In this companion course to The Hidden Meaning of The Lord of the Rings, Professor Joseph Pearce highlights the "fundamentally religious and Catholic" nature of Tolkien's famous novel, The Hobbit, or There and Back Again.
In this course, Joseph Pearce shows that Tolkien's own words about The Lord of the Rings being a "fundamentally religious and Catholic work" also apply to The Hobbit. Some readers mistakenly believe that The Hobbit is just a simple children's story. Tolkien might have written the book for his children's entertainment, but the best children's literature always has a deep level of meaning, and The Hobbit is no exception.
Professor Pearce gives you three keys to a true understanding of The Hobbit's applicability to everyday life:
• Bilbo grows in maturity, wisdom, compassion, self-sacrifice, and heroism over the course of his journey to the Lonely Mountain. At the end of the novel, Gandalf proclaims that Bilbo is no longer the hobbit he was, and we know that he is changed for the better. The meaning of life is to grow in virtue and holiness by learning the lessons of our adventures so that we can return "home" to God in Heaven.
• In The Hobbit, Bilbo is time and again protected and rewarded by "luck" or "good fortune." The "luck" present in The Hobbit is nothing other than the hand of providence and grace. In order to survive our life's journey like Bilbo, we need the supernatural assistance of grace and providence.
• Over and over again in the book, Tolkien presents characters who have fallen prey to dragon-sickness: pride and lust for gold or other material possessions. The Hobbit serves as a cautionary meditation on Matthew 6:21: "Where your treasure is, there your heart will be also."
Bilbo Baggins of Bag End and his adventures can serve as a mirror for our journey through life. Even though we won't find ourselves travelling through goblin-infested mountains, chased by spiders, or threatened by trolls, we can see that virtue is only attained through grace by slaying the monsters and demons which try to prevent our passage into eternal glory. Tolkien's profoundly Catholic worldview allows us to transcend the literal meaning of the story and apply its theological lessons to our own lives.
About the Author
Joseph Pearce is Director of the Center for Faith and Culture and Writer in Residence at Aquinas College in Nashville, Tennessee. He is a renowned biographer whose books include his autobiography, Race with the Devil: My Journey from Racial Hatred to Rational Love (Saint Benedict Press, 2013); Candles in the Dark: The Authorized Biography of Fr. Ho Lung, Missionaries of the Poor (Saint Benedict Press, 2012), Through Shakespeare's Eyes: Seeing the Catholic Presence in the Plays (Ignatius Press, 2010); and Tolkien: Man and Myth, a Literary Life (HarperCollins, 1998). He is the recipient of an Honorary Doctorate of Higher Education from Thomas More College for the Liberal Arts and also received the Pollock Award for Christian Biography. He is co-editor of the St. Austin Review and has hosted two series on Shakespeare for EWTN, as well as hosting several EWTN productions on J. R. R. Tolkien.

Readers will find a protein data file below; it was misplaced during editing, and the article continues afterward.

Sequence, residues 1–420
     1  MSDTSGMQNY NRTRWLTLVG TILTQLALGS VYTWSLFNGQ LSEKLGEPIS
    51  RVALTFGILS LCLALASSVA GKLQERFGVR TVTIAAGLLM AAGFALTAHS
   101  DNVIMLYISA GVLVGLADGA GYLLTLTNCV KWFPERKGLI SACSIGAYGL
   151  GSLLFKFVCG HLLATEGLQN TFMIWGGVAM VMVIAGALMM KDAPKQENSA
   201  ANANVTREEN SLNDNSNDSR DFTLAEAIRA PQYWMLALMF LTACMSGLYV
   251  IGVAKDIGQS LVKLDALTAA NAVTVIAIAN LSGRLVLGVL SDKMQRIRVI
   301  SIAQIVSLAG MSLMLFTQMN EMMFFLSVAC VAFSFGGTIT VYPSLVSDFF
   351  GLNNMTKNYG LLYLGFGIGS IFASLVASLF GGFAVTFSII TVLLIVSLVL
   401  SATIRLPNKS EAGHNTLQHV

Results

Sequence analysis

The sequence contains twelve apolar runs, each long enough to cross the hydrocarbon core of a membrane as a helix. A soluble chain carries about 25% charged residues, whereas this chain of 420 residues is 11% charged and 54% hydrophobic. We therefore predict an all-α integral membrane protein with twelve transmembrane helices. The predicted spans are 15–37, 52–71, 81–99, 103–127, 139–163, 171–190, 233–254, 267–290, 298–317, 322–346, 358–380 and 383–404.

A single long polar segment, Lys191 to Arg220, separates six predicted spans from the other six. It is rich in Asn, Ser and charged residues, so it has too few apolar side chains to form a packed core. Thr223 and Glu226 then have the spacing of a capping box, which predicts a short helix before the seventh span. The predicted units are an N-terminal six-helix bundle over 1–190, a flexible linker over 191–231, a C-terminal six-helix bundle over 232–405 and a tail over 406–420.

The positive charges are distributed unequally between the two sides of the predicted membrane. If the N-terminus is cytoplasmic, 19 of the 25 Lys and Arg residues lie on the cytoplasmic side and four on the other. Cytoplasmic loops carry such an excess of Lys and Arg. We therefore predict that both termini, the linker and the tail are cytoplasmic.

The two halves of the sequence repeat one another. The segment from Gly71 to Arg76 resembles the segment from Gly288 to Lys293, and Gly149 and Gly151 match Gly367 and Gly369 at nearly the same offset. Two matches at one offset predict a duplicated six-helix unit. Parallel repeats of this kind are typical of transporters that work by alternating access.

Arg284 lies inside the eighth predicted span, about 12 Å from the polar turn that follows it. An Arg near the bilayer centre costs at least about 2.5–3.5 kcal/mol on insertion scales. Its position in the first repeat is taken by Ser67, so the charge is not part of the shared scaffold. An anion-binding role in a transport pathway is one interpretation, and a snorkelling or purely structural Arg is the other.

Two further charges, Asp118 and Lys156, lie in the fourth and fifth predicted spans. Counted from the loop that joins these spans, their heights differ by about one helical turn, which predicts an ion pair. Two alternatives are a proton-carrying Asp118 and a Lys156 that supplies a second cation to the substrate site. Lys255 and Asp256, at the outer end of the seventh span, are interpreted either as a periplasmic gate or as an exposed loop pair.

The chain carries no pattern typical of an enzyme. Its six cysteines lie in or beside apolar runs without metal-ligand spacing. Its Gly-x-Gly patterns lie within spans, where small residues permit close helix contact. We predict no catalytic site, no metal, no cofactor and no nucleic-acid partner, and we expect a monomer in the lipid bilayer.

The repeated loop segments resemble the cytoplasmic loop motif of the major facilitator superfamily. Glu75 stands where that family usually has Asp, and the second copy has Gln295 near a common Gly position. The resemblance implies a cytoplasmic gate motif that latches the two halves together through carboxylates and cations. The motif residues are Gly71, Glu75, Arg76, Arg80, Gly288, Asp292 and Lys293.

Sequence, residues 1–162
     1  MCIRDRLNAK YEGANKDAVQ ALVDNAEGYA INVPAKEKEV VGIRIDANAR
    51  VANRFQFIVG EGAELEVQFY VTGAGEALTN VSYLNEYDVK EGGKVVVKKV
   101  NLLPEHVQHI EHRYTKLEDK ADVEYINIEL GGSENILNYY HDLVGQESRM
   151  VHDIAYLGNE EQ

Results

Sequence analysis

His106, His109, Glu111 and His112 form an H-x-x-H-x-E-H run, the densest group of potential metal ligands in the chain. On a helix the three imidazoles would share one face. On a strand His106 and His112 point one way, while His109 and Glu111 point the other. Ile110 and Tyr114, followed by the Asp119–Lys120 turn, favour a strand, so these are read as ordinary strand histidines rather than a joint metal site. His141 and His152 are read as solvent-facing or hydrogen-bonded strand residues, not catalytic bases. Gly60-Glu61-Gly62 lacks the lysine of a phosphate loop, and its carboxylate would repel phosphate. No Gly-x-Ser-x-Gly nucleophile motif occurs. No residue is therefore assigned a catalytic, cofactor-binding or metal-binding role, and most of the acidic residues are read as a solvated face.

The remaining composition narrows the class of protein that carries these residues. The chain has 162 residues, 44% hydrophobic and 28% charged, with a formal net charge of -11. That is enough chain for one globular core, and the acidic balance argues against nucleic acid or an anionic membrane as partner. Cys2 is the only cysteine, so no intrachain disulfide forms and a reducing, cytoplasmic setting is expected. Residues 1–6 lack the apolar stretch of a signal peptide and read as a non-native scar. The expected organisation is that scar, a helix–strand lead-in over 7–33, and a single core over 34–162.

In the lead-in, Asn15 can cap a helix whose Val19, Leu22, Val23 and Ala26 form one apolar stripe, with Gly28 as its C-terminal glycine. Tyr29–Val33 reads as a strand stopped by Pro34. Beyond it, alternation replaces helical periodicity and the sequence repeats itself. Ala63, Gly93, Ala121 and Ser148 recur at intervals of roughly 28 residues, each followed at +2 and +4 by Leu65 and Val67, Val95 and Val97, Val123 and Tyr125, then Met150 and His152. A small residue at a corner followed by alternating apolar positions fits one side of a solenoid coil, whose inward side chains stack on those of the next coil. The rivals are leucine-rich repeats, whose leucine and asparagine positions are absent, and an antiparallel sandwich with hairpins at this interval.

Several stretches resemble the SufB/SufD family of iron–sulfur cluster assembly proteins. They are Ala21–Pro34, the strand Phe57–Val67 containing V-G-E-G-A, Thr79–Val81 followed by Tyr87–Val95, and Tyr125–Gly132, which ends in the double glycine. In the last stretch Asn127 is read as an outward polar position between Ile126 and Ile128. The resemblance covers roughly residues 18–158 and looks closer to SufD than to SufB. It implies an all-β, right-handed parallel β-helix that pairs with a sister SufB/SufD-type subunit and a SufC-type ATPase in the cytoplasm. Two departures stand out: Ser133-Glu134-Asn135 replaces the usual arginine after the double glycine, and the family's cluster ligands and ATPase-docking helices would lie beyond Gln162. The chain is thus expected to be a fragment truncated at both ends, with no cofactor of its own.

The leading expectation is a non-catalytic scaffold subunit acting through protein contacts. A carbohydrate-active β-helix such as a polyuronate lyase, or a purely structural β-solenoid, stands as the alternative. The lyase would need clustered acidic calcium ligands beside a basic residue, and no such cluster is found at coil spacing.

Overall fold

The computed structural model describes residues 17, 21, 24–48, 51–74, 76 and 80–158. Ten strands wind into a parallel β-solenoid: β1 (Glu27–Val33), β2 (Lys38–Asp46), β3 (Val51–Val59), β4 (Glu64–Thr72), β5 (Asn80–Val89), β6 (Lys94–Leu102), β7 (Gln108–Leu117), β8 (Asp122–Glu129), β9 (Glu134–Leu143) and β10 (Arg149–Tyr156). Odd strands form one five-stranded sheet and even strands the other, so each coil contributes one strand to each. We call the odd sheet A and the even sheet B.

Item No: C505 (Grouped)
Publisher: Saint Benedict Press, LLC
Publication Date: 2012
Binding: DVD, CD, MP4 Video Download, MP3 Audio Download and Group Study Edition
8 Lectures (Approx. 30 min. each)
1. Bilbo's Pilgrimage Bilbo's journey reflects our own journey through life, involving growing up and growing in virtue - through grace.
2. An Unexpected Parting Gandalf prompts Bilbo into an adventure, which, on the moral level, encourages growth in wisdom and virtue, through suffering and sacrifice, of Bilbo himself.
3. Trusting in "Luck" Through Bilbo's early encounters, we learn that "luck" is not merely chance, but is evidence of meaning and purpose in the cosmos.
4. Goblins and Gollum
The adventure continues as goblins reflect cruelty, wickedness, and the evils of technology and Gollum shows how hatred often hurts itself.
5. Bilbo Comes of Age
Gandalf leaves the party, allowing Bilbo to grow up through defeating obstacles on his own.
6. The Return of the King
Thorin Oakenshield returns to Lake-town as the rightful King under the Mountain, and must vanquish the usurper, the dragon Smaug.
7. The Dragon Sickness of Pride
Bilbo discovers the dragon's weakness which becomes its downfall, but not before the dwarves fall prey to its sickness of greed and pride.
8. Blessed Be the Poor in Spirit
As the adventure ends, a humble and grown-up Bilbo finds great contentment back at home, just as our life's pilgrimage leads us back to our home in Heaven.